Haresh Sharma



Singapore Infopedia

by Nureza Ahmad

Background

Haresh Sharma (b. 1965, Singapore–) is the resident playwright of The Necessary Stage, Singapore. A critically-acclaimed playwright known for his socially-conscious plays, he has written more than 100 plays that have been staged in Singapore and abroad, such as Berlin, Busan, Germany, Melbourne as well as Birmingham and London in the UK.1 He won the 1993 Singapore Literature Prize for his play Still Building. In 1997, he was conferred the Young Artist Award by the National Arts Council for his literary contributions. In 2014, he won the regional S.E.A. Write award for Singapore. In recognition of his contributions to the arts in Singapore, the National Arts Council presented him with the Cultural Medallion Award in 2015.

Early life 
Sharma grew up in the eastern region of Singapore. He was educated at Temasek Junior College and recalls a love for literature since his school days. However, he did not think his writings or compositions then were exceptional.

Sharma’s interest in playwriting was piqued only during his national service. During that time, he was assigned an 8-to-5 job in the army and was often home by night. Out of boredom and to occupy his time, he auditioned for and landed an acting part in the Arts Festival in June 1986. He then became more involved in theatre. Sharma was an undergraduate at the National University of Singapore (NUS) in 1987 when he became an early member of the experimental theatre group, The Necessary Stage (TNS).3 He started writing plays in 1988 after acting and handling publicity and backstage production work with TNS.

Sharma’s literary influences include Caryl Churchill, Maria Irene Fornes, E. M. Forster, David E. Kelly, Gary Larson, Bill Watterson and Harvey Kurtzman.5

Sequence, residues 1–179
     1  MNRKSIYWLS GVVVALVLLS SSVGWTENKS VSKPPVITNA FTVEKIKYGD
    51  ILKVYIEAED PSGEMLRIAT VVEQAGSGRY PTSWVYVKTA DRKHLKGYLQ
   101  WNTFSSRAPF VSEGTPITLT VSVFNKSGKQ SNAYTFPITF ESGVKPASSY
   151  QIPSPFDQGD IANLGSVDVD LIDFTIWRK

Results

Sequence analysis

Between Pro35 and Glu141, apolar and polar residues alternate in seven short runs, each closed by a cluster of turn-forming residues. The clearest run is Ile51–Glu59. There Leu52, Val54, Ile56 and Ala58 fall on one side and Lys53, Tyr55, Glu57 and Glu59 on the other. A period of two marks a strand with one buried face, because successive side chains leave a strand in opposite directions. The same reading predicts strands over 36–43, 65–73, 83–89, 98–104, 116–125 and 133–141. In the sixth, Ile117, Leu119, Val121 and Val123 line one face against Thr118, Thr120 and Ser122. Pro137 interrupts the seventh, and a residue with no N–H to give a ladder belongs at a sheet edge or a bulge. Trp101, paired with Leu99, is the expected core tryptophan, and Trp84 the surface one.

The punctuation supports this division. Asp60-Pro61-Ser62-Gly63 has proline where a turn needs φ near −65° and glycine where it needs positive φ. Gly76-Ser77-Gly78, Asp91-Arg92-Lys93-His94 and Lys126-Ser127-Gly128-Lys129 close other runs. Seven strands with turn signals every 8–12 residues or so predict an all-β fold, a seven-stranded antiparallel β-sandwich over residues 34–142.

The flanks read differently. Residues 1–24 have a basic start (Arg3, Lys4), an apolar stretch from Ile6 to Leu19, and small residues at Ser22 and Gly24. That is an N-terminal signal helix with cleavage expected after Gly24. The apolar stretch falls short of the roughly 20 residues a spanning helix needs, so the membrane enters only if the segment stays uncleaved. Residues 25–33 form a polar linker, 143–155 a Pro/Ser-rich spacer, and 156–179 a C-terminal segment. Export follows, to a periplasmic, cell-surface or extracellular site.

Career as a full-time playwright
Upon graduation from NUS in 1990, Sharma began his tenure as the resident playwright of TNS, a position he still holds today. On average, he writes three to four plays a year for TNS’s main season of plays. This excludes plays he writes for the company’s youth festivals and school programmes.


Sharma’s plays are critically acclaimed. In 1993, he was conferred the Singapore Literature Prize (Merit) for his play, Still Building.The published collection of the same title also won him a National Book Development Council of Singapore (NBDCS) Book Prize (Commendation) in 1996.Still Building was chosen to represent Singapore at the 1992 Cairo International Festival of Experimental Theatre and at Mayfest 1994 in Glasgow, Scotland.9 It was also staged in London’s Albany Theatre that year.10 

Sharma has been presented fellowships and grants by the British Council, the United States Information Service and Asia-Europe Foundation.11 In 1994, he won a Shell/National Arts Council Scholarship to pursue a Master of Arts (Playwriting) at the University of Birmingham, UK. Returning to Singapore in 1995, he continued his residency at TNS.12 Sharma received the NAC Young Artist Award for theatre in 1997 and in 2015, became a Cultural Medallion Award Recipient.13 In 2014, he won the regional S.E.A. Write award for Singapore.14

Sharma also actively shares his playwriting experience and talents with young artists. Besides teaching at the NUS Theatre Studies department, he has written plays for school assemblies and runs theatre workshops.15 He has also been commissioned to write plays. One of these was Off Centre, a play he wrote about mental illness, which was commissioned by the Ministry of Health (MOH). While the funding was later pulled, due to various reasons, The Necessary Stage proceeded to stage what is now considered to be one of Sharma’s landmark works.16 Other commissions include NAC-commissioned Revelations, Child’s Play by the Centre for Biomedical Ethics (CBmE) at the National University of Singapore and Actor, Forty for Huayi – Chinese Festival of Arts.17 Sharma’s plays have also been studied both locally and internationally, for instance at McMaster University, Ontario, Canada. In 2006, in an effort to introduce more local literature into the G.C.E. “O” Levels syllabus, the Ministry of Education selected Off Centre as an “O” Levels literature text, the first Singaporean play to be chosen.18

Writings
Sharma regards playwriting as a liberating experience. Many of his plays explore both Singaporean and global issues, dealing with social themes such as mental illness, AIDS, inter-racial relations and the education system in Singapore.19